Now, Text Really Knows How To Travel

It's 1992, do you know where your information is? Sure, you say, it's in the computer. Yes, but where exactly? All those memos, letters, and reports--they're just sloshing around in there, a formless pool of text and graphics. There's no index, no organization. And what if you switch computers someday? Will your new system be able to use all that old information?

It's issues such as these that are driving companies such as IBM, Boeing, and Westinghouse Electric to adopt the Standard Generalized Markup Language (SGML), a set of electronic codes that's doing for documents what standards are doing for computer programs: making it easier to move them from one computer to another. SGML can help all sorts of editing, indexing, and printing programs work on the same documents, without the usual compatibility problems.

PROFIT SPEEDER. What's the payoff? Software maker Frame Technology Corp. is using SGML to help drugmakers speed up the process of getting a new drug approved by gathering notes from many researchers' computers, indexing them, and packaging the final result on an mptical disk. That helps Food & Drug Administration workers analyze the data by computer, rather than poring over paper. As a result, Frame says, drugs get to market quicker, and profits come sooner. IBM now codes its technical documents in SGML, so a single master copy can yield both printed and electronic versions.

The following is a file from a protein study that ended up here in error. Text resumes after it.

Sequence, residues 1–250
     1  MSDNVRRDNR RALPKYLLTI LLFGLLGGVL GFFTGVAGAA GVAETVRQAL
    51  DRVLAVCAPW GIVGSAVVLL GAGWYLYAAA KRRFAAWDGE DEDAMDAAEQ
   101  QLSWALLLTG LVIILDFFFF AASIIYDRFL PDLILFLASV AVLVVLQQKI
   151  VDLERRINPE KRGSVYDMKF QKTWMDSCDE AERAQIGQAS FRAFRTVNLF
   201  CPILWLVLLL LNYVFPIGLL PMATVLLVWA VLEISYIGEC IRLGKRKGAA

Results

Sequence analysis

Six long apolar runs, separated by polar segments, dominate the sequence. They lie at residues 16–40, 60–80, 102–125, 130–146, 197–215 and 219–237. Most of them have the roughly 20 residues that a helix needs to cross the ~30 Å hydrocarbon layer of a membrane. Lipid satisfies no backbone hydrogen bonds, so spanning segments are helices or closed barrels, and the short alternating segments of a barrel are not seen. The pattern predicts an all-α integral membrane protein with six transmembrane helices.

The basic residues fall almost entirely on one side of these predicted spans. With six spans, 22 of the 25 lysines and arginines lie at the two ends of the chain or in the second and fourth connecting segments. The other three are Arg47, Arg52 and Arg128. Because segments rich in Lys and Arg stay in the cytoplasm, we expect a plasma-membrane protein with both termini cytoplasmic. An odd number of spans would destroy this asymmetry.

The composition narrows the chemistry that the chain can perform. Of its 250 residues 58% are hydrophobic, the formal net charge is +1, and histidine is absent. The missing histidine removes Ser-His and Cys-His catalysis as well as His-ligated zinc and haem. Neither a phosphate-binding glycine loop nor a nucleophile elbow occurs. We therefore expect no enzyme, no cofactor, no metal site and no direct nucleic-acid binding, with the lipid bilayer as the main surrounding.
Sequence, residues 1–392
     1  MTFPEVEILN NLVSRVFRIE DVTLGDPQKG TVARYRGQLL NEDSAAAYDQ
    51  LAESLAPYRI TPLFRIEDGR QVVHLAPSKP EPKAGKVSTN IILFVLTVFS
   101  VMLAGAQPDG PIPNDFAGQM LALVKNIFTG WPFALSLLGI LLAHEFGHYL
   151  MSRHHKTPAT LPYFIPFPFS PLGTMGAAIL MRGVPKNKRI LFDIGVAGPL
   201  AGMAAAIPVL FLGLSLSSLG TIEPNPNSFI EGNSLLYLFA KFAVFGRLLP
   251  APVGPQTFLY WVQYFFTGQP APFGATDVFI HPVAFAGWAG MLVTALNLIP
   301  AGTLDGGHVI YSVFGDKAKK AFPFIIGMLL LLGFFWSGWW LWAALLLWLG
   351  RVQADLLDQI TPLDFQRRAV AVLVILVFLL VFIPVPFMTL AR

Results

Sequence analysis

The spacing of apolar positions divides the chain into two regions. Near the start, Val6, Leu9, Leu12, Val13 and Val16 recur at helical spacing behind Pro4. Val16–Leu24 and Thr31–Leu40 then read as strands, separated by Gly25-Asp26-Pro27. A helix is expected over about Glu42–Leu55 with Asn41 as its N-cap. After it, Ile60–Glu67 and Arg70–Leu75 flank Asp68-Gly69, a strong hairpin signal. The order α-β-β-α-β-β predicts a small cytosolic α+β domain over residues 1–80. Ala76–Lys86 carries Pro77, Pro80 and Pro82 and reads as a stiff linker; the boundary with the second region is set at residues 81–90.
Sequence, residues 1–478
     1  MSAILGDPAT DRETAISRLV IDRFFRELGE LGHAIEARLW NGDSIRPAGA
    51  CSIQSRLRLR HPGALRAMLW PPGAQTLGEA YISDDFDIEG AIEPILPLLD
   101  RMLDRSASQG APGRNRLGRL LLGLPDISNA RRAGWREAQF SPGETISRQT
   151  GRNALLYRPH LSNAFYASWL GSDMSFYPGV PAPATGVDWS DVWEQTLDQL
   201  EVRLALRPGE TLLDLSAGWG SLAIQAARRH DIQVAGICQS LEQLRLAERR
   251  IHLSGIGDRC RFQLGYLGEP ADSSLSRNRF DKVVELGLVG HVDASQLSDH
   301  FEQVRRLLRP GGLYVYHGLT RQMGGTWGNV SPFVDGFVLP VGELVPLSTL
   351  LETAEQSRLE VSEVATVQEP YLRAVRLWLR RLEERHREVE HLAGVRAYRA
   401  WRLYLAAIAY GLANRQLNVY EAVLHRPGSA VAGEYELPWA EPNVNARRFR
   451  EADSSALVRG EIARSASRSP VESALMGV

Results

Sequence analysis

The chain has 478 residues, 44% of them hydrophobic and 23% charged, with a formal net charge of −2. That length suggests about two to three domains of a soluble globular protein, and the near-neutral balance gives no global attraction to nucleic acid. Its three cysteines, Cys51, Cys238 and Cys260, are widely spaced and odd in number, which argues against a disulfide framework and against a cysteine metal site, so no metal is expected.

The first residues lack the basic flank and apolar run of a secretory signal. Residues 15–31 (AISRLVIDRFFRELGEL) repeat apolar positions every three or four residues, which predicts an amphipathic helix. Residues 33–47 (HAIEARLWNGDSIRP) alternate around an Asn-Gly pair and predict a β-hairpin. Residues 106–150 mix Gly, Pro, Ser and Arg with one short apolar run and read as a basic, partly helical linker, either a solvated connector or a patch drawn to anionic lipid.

Several years ago, the Pentagon enlisted SGML in its fight against paper. Now, civilians are using it, too. Sales for SGML products should hit $550 million by 1995, says market researcher InterConsult Inc. Networking-software producer Novell Inc. and workstation maker Silicon Graphics Inc. now distribute SGML-coded technical manuals with their wares. As their customers start using them, SGML will spread--and infoglut may begin to ebb.